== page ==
News/ Trends/ Analysis

Nov. 1, 2010


News/ Trends/ Analysis

Mayo Clinic to test more patients for hepatitis C.At least three patients at Mayo Clinic in Jacksonville, FL, were infected with hepatitis C after a healthcare worker injected himself with painkillers his patients were supposed to receive. In August, former radiology technician Steven Beumel, 47, was fired after admitting to injecting himself with Fentanyl intended for patients and refilling the syringes with saline. He was arrested on a minor felony related to stealing drugs; law-enforcement officials say he could face more charges as the investigation continues. Mayo Clinic initially identified 3,209 patients who were at risk of contracting hepatitis C at its facility but has added 2,100 more patients to contact for testing, the Times-Union/Jacksonville reports. So far, three patients have been diagnosed with cases of hepatitis C that are genetically similar to the type Beumel has, Mayo officials say. One of those patients died from the virus; another died from an unrelated illness. The third patient remains alive.

Amoeba blamed in organ-transplant deaths.Two Arizona organ-transplant recipients died of an infection from a microscopic parasite they got from their organ donor, according to U.S. health officials. Two patients who received organ transplants from the same donor have died of encephalitis caused by Balamuthia mandrillaris, an amoeba found in soil. The 27-year-old organ donor was a landscaper thought to have died of a stroke on July 21, the Arizona Daily Star reported on Sept. 17. The donor had a large skin lesion on his back for about six months that he had attributed to an insect bite, the Centers for Disease Control and Prevention (CDC) says. The organ recipients included a 56-year-old man who received a liver, and a 24-year-old man who received a kidney and pancreas. The liver recipient died Aug. 17 and the kidney-pancreas recipient died Aug. 30. Two other people received organs from the same donor — a man in California who received his heart on July 22 and a man in Utah who received the other kidney on July 23. Those patients have not shown any symptoms and have been placed on pre-emptive therapy, according to the Sept. 16 issue of Morbidity and Mortality Weekly Report (MMWR).

Infectious diseases

Flu vaccine should be condition of employment.The Society for Healthcare Epidemiology of America (SHEA) recommends that the annual seasonal flu vaccine be required for initial and continued employment of all healthcare employees, regardless of whether they have direct patient contact. The SHEA's policy statement, issued Aug. 31, says the mandate should be implemented as part of a multifaceted flu-infection-control program that is clearly communicated to employees, and exemptions should only be allowed for those with medical contraindication. As of mid-January, 61.9% of healthcare workers received the 2009-2010 seasonal flu vaccine, according to the CDC, but only 37.1% were immunized against the influenza A(H1N1) virus. In 2004, the Virginia Mason Medical Center in Seattle became the nation's first healthcare system to require staff to be immunized, says SHEA. The Center's vaccine rate among more than 5,000 employees and adjunct personnel is about 98%. BJC HealthCare in St. Louis, MO, achieved 98% immunization among its more than 26,000 employees after making flu vaccinations mandatory in 2008.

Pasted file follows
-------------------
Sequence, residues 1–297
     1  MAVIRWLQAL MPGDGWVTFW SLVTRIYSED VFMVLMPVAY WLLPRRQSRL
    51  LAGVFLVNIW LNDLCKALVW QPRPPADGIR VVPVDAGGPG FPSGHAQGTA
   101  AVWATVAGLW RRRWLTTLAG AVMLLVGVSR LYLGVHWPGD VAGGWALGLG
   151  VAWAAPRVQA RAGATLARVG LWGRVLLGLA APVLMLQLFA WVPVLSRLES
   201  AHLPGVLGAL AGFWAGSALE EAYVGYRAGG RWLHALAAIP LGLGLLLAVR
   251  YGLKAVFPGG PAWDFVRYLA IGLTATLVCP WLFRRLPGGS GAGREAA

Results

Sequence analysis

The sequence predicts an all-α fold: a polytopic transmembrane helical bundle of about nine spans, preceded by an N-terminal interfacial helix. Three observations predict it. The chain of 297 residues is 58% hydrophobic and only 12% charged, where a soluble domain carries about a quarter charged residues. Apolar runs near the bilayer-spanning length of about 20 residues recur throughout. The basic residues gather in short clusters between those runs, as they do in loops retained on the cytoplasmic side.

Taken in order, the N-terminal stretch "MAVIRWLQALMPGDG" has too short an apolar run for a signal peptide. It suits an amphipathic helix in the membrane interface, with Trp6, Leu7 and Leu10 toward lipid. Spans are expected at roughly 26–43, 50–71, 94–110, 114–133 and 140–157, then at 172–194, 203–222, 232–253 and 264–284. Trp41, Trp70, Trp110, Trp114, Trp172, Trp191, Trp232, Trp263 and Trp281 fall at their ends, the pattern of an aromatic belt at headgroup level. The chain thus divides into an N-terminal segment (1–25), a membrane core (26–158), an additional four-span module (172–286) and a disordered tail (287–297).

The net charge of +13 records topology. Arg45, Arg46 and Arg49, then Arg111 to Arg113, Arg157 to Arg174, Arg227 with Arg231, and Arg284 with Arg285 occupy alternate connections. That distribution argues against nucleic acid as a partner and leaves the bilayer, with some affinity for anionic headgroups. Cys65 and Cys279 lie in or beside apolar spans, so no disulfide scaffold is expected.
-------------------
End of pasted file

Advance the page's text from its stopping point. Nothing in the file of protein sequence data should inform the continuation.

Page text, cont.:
One in five gay men HIV positive. A new study conducted by the CDC reports that 19% of gay or bisexual men in 21 major U.S. cities are infected with HIV — and almost half of those who carry the virus are unaware of it. The study, based on interviews and testing of 8,153 men who have sex with men (MSM) in 21 major cities in 2008 revealed that 28% of blacks, 18% of Latinos, and 16% of whites are infected with HIV. Forty-four percent of MSM with the virus were unaware that that they were infected. The study, published Sept. 24 issue of MMWR, found that young, sexually active gay men are least likely to know their health status: 63% were unaware they were HIV positive. Black men were least likely to be aware of their infection: 59% did not know they were infected, compared to 46% of Hispanic men and 26% of white men. More than half (55%) of MSM unaware of their infection reported not having an HIV test during the preceding 12 months.

New studies

Genetic variants linked to ovarian cancer discovered. An international team of scientists has discovered new genetic variants affecting a woman's risk for ovarian cancer, HealthDay News reports. Researchers from the Mayo Clinic College of Medicine in Rochester, MN, and colleagues from the United States, Europe, Canada, and Australia used data from earlier genomic studies to compare the genomes of 10,283 women with ovarian cancer to 13,185 healthy women. The researchers found five genetic variants in regions of the genome (chromosomes 2, 3, 8, 17, and 19) associated with ovarian-cancer risk. Four out of five of these variants were more common in women who had serous ovarian cancer, the most common and aggressive form of the disease. The study was published in the Sept. 19 online edition of the journal Nature Genetics.


Dec. 4-7. The 52nd Annual Meeting and Exposition of the American Society of Hematology (ASH) at the Orange County (FL) Convention Center, in Orlando, includes nearly 30 educational sessions covering a variety of hematologic topics. Learn more at

Jan. 29-Feb. 2, 2011. The Association for Lab Automation's LabAutomation2011 will take place at the Palm Springs (CA) Convention Center. This event offers knowledge-sharing across a wide range of scientific disciplines and industries such as drug discovery and development, clinical diagnostics, agriculture and food, forensics and security, and more. Learn more at

Feb. 4-5, 2011. The 18th annual First Coast Infectious Disease/Clinical Microbiology Symposium will be held at the Sawgrass Marriott in Ponte Vedra Beach, FL. Go to